In Russia, we have an agreement with the Russian Direct Investment Fund [...] and we plan to invest over USD 1 billion both in the service and in other energyrelated sectors [...] I think that our existing relations with the Russian Federation will strengthen in doing so — Mohammed Al Qahtani, Senior Vice President of Saudi Arabian Oil Company (Saudi Aramco).
Our global priority is revolutionary change and modernization in our networks, and we have been working on this for the past 15 years. We are now launching the third generation of our smart grid automation system [...] Russia is precisely the country where we can cooperate on this issue with local players [...] With the support of the RDIF, we have begun investing in renewable energy [...] Russian companies will be able to become truly competitive in this segment [...] We will develop our global programmes and support the Russian government in the programmes it has announced — Stephane Maurice Zweguintzow, Chairman of the Board of Directors, Deputy General Director - Director for Personnel and Organizational Development, Enel Russia.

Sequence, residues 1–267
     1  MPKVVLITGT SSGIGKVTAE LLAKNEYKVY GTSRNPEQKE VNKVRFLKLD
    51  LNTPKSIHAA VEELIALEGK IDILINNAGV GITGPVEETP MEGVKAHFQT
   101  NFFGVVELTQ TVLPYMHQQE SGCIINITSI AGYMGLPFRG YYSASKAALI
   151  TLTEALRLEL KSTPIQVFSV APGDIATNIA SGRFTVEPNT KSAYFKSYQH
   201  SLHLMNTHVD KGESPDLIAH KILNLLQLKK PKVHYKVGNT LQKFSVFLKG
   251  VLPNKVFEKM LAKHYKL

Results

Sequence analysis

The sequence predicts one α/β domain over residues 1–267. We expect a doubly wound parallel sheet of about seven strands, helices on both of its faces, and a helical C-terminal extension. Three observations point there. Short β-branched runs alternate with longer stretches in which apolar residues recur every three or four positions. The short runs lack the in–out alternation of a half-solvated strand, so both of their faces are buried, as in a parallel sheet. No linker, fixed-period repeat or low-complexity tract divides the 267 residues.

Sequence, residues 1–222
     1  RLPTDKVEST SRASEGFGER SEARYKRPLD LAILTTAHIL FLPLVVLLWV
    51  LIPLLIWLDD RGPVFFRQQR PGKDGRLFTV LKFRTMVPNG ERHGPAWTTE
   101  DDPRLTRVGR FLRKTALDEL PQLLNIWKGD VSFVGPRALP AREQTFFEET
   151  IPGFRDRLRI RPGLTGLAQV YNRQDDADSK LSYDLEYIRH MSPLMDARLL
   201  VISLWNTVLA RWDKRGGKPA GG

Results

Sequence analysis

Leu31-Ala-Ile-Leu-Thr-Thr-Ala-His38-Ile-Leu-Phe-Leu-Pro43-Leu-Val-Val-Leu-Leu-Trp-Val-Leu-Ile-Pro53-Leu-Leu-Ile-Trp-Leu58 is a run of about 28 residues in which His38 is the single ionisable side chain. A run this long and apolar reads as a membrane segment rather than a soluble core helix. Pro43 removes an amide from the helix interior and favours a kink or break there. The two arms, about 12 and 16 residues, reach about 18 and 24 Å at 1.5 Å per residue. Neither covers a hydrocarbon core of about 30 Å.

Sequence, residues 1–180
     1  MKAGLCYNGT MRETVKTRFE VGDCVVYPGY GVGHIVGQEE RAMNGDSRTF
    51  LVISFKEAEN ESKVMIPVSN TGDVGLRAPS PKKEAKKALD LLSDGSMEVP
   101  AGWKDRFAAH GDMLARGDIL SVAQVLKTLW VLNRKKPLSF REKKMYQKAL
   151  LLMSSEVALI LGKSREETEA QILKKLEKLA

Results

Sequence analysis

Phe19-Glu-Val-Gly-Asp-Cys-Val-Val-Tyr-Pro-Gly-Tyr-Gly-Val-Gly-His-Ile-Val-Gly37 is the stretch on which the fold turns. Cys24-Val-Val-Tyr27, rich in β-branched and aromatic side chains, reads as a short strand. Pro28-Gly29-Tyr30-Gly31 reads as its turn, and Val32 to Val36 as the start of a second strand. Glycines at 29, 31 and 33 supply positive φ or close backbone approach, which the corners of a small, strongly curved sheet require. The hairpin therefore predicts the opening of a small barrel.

The Russian budget has received more than RUB 5 trillion in additional funds through the ‘OPEC – non-OPEC’ agreement, and it is important that investment in the industry actively continue. For example, jointly with Saudi Arabia – together with the Ministry of Energy and their investment fund – we have created an energy fund that will soon announce a number of transactions, including in technology companies in Russia as well as service companies in Russia. This means Russian companies get access to the contracts of a company like Aramco, which is the largest oil company in the world. Such all-around cooperation on the market turns into investment cooperation — Kirill Dmitriev, Chief Executive Officer, Russian Direct Investment Fund (RDIF).